27 Aug 10. Northrop Grumman Corporation hosted a ribbon cutting ceremony today at its new infrared countermeasures (IRCM) sustainment center in Warner Robins, Ga.
“Today’s ribbon cutting is an example of our commitment to provide the warfighter with an innovative solution to sustain this critical aircraft defensive system,” said Thomas E. Vice, corporate vice president and president of Northrop Grumman Technical Services. “This facility also benefits our customers by driving down the cost and providing high-quality, affordable IRCM services.”
“The move from Hurlburt Field to Warner Robins was seamless to our warfighting customers and will allow for increased system availability today with growth opportunities for the future as fielding of the system continues to expand,” said Carl Smith, vice president of Infrared Countermeasures programs for Northrop Grumman’s Land and Self Protection Systems Division. “This latest program milestone continues the partnership between industry and government which is already in place with the U.S. Air Force. It allows us to provide the most affordable and responsive sustainment service possible to the warfighter.”
The sustainment center repairs IRCM equipment for the U.S. Air Force’s large aircraft infrared countermeasures and U.S. Special Operations Command’s directed energy infrared countermeasures. The sustainment center repair team includes Northrop Grumman; SELEX Galileo Ltd., Edinborough, Scotland; AAR Corp, Wood Dale, Ill.; and Robins Air Force Base’s Aerospace Sustainment Directorate.
“This ribbon cutting is the culmination of two years of hard work and fulfills Northrop Grumman’s commitment, as part of the public-private partnership, to move its AAQ-24 sustainment depot to Warner Robins,” said Larry Pittman, Northrop Grumman Technical Services program manager. “Teaming with the customer on this facility allows us to better serve our nation’s warfighters with significant cost savings for our customer.”
26 Aug 10. A year after breaking ground, BAE Systems today celebrated the opening of a new state-of-the-art design and prototyping center in Sterling Heights, Michigan. As part of a five-year, $58.4m initiative, the center is the first facility to open at the company’s new Sterling Heights campus which, upon completion late next year, will include a renovated test track and a four-story office building. The campus will eventually house approximately 600 employees.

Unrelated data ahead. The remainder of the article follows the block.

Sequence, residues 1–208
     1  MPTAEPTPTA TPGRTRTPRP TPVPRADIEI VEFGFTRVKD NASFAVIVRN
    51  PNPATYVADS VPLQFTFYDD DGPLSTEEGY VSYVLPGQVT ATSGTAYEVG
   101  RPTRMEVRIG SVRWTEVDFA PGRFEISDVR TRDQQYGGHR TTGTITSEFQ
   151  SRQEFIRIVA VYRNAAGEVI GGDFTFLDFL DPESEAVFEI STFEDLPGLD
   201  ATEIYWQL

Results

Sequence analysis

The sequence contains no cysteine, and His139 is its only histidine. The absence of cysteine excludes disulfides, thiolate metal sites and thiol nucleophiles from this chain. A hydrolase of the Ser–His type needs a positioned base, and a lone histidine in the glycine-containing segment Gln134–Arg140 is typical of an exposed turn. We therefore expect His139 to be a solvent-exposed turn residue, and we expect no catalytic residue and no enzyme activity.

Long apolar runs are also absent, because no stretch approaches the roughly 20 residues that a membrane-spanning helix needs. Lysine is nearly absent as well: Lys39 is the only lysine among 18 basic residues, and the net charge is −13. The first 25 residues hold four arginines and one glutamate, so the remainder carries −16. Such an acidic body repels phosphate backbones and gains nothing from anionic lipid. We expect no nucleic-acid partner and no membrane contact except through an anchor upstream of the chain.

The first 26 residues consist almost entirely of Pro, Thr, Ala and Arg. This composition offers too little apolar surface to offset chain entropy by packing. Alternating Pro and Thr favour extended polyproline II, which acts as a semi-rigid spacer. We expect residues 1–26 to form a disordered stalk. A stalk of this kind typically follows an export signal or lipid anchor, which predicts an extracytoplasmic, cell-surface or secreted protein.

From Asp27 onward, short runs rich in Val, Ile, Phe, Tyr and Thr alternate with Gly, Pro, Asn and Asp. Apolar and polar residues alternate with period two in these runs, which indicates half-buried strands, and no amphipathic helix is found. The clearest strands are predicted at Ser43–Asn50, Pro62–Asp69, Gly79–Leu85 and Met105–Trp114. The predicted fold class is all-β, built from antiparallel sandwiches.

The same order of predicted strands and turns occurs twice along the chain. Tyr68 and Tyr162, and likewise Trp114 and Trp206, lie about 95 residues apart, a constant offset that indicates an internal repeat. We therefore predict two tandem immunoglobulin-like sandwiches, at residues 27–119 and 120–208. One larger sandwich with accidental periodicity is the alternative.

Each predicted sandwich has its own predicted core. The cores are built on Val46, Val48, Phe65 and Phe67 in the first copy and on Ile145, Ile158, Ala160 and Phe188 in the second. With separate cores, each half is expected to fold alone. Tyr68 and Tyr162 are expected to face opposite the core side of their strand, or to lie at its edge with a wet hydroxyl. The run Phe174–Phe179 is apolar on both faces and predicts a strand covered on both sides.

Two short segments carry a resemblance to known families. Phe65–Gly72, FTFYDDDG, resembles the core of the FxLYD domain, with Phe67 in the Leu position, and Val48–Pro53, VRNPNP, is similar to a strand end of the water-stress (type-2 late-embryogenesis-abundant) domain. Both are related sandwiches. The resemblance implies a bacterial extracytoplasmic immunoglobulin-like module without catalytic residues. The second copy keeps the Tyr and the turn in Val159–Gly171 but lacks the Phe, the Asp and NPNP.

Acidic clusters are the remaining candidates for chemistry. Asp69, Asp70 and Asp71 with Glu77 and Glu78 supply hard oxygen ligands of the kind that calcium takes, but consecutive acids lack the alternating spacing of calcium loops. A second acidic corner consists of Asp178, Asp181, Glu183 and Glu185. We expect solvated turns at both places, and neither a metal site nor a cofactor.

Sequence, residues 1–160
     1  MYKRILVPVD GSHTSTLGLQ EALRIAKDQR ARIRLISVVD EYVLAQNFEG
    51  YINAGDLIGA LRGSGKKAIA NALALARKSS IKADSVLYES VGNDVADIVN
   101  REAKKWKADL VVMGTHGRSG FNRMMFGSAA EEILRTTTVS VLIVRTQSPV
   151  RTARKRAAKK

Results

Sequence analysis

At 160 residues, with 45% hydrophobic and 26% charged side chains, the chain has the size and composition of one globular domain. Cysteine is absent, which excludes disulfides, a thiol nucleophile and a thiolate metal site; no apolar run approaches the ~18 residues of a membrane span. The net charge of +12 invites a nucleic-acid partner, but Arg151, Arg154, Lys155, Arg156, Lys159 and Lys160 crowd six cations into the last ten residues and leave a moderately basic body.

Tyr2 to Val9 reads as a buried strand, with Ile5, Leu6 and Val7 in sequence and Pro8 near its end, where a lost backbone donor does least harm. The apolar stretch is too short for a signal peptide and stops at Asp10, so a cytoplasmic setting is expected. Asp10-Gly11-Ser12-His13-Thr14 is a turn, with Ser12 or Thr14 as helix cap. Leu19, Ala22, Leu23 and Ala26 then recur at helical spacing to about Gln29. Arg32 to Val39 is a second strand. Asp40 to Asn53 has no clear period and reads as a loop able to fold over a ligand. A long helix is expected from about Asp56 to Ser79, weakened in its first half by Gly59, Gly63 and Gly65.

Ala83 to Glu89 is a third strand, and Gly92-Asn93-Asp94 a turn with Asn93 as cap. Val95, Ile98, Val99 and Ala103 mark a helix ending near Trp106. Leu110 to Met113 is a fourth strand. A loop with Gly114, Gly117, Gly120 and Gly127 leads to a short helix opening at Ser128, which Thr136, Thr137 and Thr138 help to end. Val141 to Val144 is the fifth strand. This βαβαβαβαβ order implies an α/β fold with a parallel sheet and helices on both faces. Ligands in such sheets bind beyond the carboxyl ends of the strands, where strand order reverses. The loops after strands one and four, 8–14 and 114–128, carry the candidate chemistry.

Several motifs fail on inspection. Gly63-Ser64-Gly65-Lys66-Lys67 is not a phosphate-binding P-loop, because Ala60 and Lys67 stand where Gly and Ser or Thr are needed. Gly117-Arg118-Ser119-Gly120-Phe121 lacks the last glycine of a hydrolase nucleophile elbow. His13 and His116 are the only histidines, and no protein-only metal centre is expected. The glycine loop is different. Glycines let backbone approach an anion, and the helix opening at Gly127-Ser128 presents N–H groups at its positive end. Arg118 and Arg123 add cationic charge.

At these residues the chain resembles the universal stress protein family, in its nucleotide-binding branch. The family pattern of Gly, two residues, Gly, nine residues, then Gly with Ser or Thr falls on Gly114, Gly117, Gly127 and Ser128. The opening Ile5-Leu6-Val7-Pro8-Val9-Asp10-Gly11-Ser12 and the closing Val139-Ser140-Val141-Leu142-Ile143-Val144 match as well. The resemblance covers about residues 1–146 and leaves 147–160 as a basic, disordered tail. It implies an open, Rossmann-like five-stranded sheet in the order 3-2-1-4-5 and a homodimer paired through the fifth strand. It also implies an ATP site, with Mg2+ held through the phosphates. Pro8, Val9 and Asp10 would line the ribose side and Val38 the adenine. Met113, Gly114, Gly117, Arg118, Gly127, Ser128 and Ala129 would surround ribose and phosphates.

“One of our most important company values is customer focus. This center will allow us to be in close proximity to our customer – a key component in further developing an ongoing, collaborative working relationship that supports the design, development and manufacture of equipment that will help ensure the safety and mission success of warfighters,” said Joe McCarthy, vice president and general manager of Heavy Brigade Combat Team Systems at BAE Systems and Sterling Heights Site Executive.
“With this center we can address future vehicle modernization by rapidly integrating capabilities into combat systems while improving time-to-market factors, while also reducing costs for our customer,” he added.
Supported by 40 employees, the new center will house more than a dozen assembly bays for vehicle and subsystem modifications, integration and testing in addition to a host of integral supporting labs and facilities that will provide electrical assembly fabrication, software development and system integration of vehicle control and crew station electronics. The site will also have a full-service machine shop equipped with welding capabilities. The center will also support other company programs including Bradley Fighting Vehicle and Bradley derivatives, M88, M113 family of vehicles, M109 family of vehicles including the Paladin Integrated Management vehicle, Joint Light Tactical Vehicle, Medium Mine Protected Vehicle and Mine Resistant Ambush Protected vehicle.
When completed, the site will total 198,00